Council Mulls Ways To Bill Public for Major Upgrades
The Falls Church City Council wasted no time in its first public work session of the new year Monday taking up the challenging task of figuring out the best way to sock its citizens and businesses with a new $4.2 million annual bill, which, if it was in terms of the real estate tax rate (which it isn’t) would amount to over 14 cents.
The matter involved the discussion of creating a Stormwater Management Enterprise Fund to cover the cost of upgrading the City’s capability to better handle the kind of crises that resulted from last summer’s Tropical Storm Lee that overwhelmed the City’s stormwater and waste water infrastructure to cause major damage to dozens of homes.
It is also to bring the City into compliance with the ever-stricter demands of the Chesapeake Bay watershed clean water requirements of the federal Environmental Protection Agency.
Monday the Council mulled two approaches, one which would raise the $4.2 million annual with an “ad valorum” tax based on real estate values, and the other which would be utility fee model, based on an estimate of what share of a water runoff any particular property would be held responsible for (using as a “surrogate” percentages of impervious surfaces on any given property).
But while the fee approach would be more “equitable,” it was argued, it would also cost more, requiring a bureaucracy to handle the determination of impervious levels and incentives that property owners might seek to reduce their impervious covers. The “ad valorum” approach would be easier to administer, it was argued, but would also more resemble a tax, one which could not be deducted from federal taxes.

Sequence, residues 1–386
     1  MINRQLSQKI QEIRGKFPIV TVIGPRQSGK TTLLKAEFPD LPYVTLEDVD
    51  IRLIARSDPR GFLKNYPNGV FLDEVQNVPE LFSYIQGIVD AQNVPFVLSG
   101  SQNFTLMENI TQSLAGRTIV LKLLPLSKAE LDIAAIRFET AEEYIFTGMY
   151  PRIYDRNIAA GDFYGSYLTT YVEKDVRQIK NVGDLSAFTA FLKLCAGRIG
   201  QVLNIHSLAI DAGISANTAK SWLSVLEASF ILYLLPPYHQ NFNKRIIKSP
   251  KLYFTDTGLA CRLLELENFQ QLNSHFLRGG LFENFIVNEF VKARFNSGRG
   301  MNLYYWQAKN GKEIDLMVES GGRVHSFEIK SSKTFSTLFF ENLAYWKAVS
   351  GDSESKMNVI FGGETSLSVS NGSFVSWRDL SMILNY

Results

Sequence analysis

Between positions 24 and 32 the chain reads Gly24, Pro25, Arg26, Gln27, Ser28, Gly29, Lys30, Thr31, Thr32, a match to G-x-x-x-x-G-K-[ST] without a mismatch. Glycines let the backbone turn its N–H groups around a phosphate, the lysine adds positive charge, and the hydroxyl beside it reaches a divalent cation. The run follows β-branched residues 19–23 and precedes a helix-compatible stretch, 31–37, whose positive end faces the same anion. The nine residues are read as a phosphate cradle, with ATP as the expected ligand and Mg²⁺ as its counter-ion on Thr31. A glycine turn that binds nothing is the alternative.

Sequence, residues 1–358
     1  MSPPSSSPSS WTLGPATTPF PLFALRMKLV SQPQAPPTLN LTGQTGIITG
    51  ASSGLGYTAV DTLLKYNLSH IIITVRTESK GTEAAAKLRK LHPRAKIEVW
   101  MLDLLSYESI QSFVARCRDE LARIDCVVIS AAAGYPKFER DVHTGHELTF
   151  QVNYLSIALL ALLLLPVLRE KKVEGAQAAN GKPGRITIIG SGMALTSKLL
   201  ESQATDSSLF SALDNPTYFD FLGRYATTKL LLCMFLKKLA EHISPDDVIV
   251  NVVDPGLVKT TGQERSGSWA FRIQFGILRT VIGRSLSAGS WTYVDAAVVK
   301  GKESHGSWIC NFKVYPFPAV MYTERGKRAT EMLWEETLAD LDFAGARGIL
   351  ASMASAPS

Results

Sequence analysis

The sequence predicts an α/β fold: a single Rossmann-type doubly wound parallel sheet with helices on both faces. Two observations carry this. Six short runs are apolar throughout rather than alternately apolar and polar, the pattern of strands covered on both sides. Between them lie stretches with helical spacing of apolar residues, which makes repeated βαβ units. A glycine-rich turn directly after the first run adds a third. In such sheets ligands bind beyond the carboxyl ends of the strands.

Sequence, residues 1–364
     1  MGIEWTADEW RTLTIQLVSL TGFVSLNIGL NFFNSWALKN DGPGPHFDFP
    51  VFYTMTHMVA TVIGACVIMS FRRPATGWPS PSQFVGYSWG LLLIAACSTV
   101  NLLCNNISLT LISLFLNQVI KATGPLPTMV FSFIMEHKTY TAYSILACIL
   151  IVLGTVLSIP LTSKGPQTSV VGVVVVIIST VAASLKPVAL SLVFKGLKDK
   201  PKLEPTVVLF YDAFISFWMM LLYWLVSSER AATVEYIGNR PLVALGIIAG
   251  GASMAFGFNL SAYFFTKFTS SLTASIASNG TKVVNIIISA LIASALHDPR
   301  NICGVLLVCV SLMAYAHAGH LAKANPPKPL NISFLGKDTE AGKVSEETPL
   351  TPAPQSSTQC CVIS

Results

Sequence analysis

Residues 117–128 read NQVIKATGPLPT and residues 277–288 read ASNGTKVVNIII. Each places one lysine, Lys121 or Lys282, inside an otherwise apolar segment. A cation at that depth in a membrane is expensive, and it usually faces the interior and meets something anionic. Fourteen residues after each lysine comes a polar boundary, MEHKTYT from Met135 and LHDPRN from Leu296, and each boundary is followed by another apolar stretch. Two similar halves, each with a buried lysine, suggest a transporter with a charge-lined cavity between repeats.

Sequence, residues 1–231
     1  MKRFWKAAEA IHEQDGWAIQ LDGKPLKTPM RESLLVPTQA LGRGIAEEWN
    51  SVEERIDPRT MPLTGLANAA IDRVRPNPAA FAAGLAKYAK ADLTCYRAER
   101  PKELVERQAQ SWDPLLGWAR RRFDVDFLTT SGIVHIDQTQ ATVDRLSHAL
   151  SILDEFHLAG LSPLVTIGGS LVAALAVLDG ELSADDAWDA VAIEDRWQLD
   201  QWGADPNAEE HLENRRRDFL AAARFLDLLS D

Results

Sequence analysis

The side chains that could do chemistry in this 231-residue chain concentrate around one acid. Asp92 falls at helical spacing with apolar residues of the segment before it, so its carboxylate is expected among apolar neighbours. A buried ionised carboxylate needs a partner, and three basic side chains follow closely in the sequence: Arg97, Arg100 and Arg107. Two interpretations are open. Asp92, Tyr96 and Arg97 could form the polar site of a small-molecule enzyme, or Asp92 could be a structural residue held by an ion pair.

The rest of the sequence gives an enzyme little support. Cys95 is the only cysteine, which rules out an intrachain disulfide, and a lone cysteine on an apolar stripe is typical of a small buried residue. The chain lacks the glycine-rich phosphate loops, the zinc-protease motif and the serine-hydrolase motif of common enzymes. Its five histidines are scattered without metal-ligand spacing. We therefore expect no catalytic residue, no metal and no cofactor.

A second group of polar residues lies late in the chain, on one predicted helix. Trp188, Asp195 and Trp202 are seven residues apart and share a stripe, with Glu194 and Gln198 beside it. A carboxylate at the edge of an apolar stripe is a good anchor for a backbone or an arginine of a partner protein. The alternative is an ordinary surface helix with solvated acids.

The bottom line, however, as it became clear over the course of a lengthy discussion, was that the exercise seemed more and more like trying to put lipstick on a pig. There was no getting around the unsavory reality that this was going to cost city residents and businesses a lot of new money.
For example, as Chief City Engineer Bill Hicks showed in a printout, the cost to the average household (assessed at $650,000 with an average 2,755 feet of impervious surface) would be $644.67 using the utility fee approach, and $925.41 using the “ad valorem” approach.
On the other hand, the bills go much higher for commercial lots, with an actual sample parcel in the City of 142,845 square feet and an assessed value of $18 million socked with a $21,949 a year bill using the utility fee approach, and $26,446 a year using the “ad valorum” approach.
The Council decided to hold another work session to establish its preferred approach before taking the matter to the public, probably in one of the two town hall meetings scheduled during the upcoming annual budget deliberation process. At that time, it would also include the factors involved in arriving at the approximate $4.2 million annual price tag, which would include $1.6 million in existing maintenance costs and $2.5 million in new program cost.
The estimated cost, City Manager Wyatt Shields said, would be aimed at upgrading the quality of the City’s storm water management system from the level of “Cs and Ds” in performance to “Bs and As,” he said.